Some two thousand generations of men and women have lived and died since the first Aboriginal walked upon the soil of this land , now known as Australia.  Forty thousand years since the beginning of the Dreamtime.  In the beginning the earth was featureless, flat and grey. There were no mountain ranges, no rivers, no billabongs, no birds or animals, in fact no living thing...........then came the Dreamtime. Giant mythical Beings rose up out of the great grey plains where they had been slumbering for centuries; they looked like animals or plants or insects but they behaved just like humans. As they wandered in search of food and water they dug huge ravines and rivers,pushed up mountains and gradually the earth as we know it today took shape. Aboriginals believe their ancestors were taught by these mythical Beings and how as their descendants they should behave. Then the Dreamtime ended, and they were left with rites and ceremonies to preserve this heritage. Tribal lands and all forms of life contained within it are now held in sacred trust. Land  has a very special meaning to Aboriginals for all over the land are features which remind them of these Beings who had a part in their creation and the truth of the connectedness of all things, both living and dead.

These are our last weeks in Western Australia, and the diversity of the scenery in this state is remarkable. The road from Broome to Derby and Kununurra in this part of the Kimberley region is so like Africa,especially Kenya or Zimbabwe. Savannah doted with Baobabs and yellow flowering kapok trees. It made me very nostalgic. I keep scanning the bush for buck, zebra or giraffe but alas only the odd Roo. 
A day trip to Wyndham , the northernmost town in Western Australia . Its dry, dusty and has a dubious claim to fame for the most beer drunk per capita in the whole of Oz .......I  can see why.  Not a lot here, but at the Five Rivers lookout you can (predictably enough) see five rivers at one time. The homestead scenes in the film Australia were filmed here and the local museum was a wealth of quirky information. In its hey day it was the center for the meat processing industry and Johnson's Fluid Beef aka Bovril was made here in HUGE quantities.........if you could see how they made the stuff (the old photos were pretty graphic) you would never touch the stuff........VEGEMITE RULES!


Dawn fishing on the Ord
Derby will be remembered for the meal the sand flies had of Tommy's legs........ and a meeting with Margaret,a wonderfully colourful colonial lady originally from East Africa and editor of the local paper,The Muddy Waters. Then on to  Kununurra famous for  Pink Argyle Diamonds and a too brief friendship forged with Geoff and Kaye Brown, lovey people from Dalmeny NSW......... what a lovely daughter.....now they would be great in-laws................ well a mother can dream can't she!

A swim with a view

A last few days at Lake Argyle and  another memorable swim this time in the infinity pool overlooking the lake. Tommy caught and lost a HUGE fish in the Ord River..........he has witnesses.

Now its time to hit the road again and this time we are heading for the Top End................Darwin here we come!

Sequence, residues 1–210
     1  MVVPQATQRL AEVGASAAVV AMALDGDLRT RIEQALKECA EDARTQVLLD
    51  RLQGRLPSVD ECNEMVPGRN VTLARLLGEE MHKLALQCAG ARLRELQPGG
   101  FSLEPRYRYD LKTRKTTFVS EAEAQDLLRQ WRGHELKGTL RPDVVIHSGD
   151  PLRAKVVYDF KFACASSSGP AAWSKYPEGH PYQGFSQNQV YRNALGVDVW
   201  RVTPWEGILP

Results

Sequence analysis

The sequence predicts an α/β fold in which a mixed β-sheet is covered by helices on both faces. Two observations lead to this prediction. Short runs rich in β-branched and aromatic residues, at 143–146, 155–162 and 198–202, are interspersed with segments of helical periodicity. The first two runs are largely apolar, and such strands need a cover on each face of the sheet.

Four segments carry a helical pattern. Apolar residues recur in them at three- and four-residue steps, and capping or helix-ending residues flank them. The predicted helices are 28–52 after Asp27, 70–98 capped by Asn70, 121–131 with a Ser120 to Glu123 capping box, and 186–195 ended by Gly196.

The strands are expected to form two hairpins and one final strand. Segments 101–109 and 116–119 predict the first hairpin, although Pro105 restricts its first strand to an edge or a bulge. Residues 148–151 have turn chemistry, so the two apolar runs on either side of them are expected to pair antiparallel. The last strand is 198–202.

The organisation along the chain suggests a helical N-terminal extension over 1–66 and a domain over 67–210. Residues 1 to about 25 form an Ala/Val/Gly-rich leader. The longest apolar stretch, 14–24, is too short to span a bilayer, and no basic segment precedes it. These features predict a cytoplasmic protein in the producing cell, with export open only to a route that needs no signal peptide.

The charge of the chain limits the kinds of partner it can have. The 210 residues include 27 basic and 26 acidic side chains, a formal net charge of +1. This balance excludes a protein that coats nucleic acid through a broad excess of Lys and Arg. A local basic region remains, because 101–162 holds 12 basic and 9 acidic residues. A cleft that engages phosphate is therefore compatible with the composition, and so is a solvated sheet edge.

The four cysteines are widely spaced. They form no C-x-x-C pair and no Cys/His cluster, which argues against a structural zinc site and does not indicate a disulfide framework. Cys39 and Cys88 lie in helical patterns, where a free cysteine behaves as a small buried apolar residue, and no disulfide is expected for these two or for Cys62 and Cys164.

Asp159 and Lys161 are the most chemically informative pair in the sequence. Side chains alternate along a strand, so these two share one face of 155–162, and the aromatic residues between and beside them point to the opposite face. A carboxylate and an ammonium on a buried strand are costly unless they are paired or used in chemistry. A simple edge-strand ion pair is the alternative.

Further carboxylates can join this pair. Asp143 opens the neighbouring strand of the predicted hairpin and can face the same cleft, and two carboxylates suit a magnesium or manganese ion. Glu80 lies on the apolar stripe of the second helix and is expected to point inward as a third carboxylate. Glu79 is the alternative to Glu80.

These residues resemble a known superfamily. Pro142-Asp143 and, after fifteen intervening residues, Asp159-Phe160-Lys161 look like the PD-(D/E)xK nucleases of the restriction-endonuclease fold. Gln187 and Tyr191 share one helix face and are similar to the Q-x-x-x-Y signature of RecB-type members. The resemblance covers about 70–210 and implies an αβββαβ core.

Soul food Kitchen

Fresh Mango Salsa

Locals are always looking for new ways to use the over abundant supplies of mangoes in the Kimberley region,this is my version of a fresh and piquant mango salsa the quantities are really a matter of personal taste, I love the heat of fresh red chili but you can omit it
1 large mango peeled and cut into small dice.
1/2  Red onion cut into small dice
1/2 cup fresh pineapple cut into small dice
1 cup chopped fresh coriander
1 fresh red chili chopped fine
3 tablespoons fresh lime juice
pinch of salt
Mix all together and chill in the fridge. Great with fish and seafood.and in tacos

Thursday, September 1, 2011

Broome and Beyond

Monument to women pearl divers

            If diamonds are a girl's best friend,
                                                      then pearls must be her sister...............

I had my birthday in Broome. "The town built on buttons" Once the pearling capital of the world. until the mother of pearl industry was almost wiped out by the invention of the plastic button .The red pindan soil, white beaches and turquoise sea are as famous as the pearl divers themselves that came from Japan and China, Malaysia and Makassar, as well as  local Aboriginals. The Aboriginal  men and women were sometimes lured onto pearl luggers with the promise of grog and then forced to dive. If you didn't come up with a shell you had to produce a handful of sand to show that  you had reached the bottom.The pearl beds were deep, often more than 27 meters and hundreds of divers died either from the bends or drowning. Broome has the largest Japanese cemetery in Australia, with rough headstones carved from local beach stone. A silent tribute to the men who dived for "the tears of heaven"

Japanese Graveyard
  The corrugated road out to Willie Creek Pearl Farm was teeth rattling but the tour was fascinating.The poor oyster "pinctada maxima" has a tiny piece of Mississippi mussel shell inserted  into its gonads.......ouch!   Over the course of  a couple of years it secretes enough nacre (mucous) to ease the irritation and produce that highly desirable pearl. Each oyster also has its own home help, a tiny pea crab. In exchange for protection it keeps everything neat and tidy. Apparently the skilled operators, mainly Japanese that do this delicate seeding operation earn in excess of $100,000 for three months work, not too shabby but a mere bagatelle when you consider the industry turns over $200 million a year. I got to hold a couple of prize beauties for a few minutes.............but alas too dear for my budget to take home.

Pearls of great price!


I managed a swim at the fabled Cable beach, so named for the first international telegraph line that linked Australia to Java and the rest of the world. Walked through Chinatown to covet the pearls and finally watched the sun set whilst feasting on crispy Barrumundi wings under a star studded sky. A time for reflection as I celebrated my journey of 58 years.I've come a long way.My travels have taken me to five continents,and more exotic places than I could ever have imagined. It has been a privilege to explore new horizons, meet fascinating people and discover myself in the process. The internal journey has been  far longer than the external one and I still have a fair way to go............I read somewhere "that memories are a cushion for our old age" I have managed to stuff a few duvets so far.......God grant me travelling mercies and a soft landing!

Soul Food Kitchen

Fresh Lime Cordial.
This has been the best thirst quencher on our travels. We pop some bottles of the diluted juice in the freezer overnight and have ice cold drinks for the road.

60 g citric acid
30 g tartaric acid
30 g Epsom salts
Juice and rind of 12 limes or lemons
2 kg sugar
2 litres of boiling water

Pour the boiling water over all the other ingredients.Allow to stand overnight, so that the dry ingredients are dissolved. in the morning strain and bottle. Dilute to taste. Mmmmm.................... could be good with a G&T too ?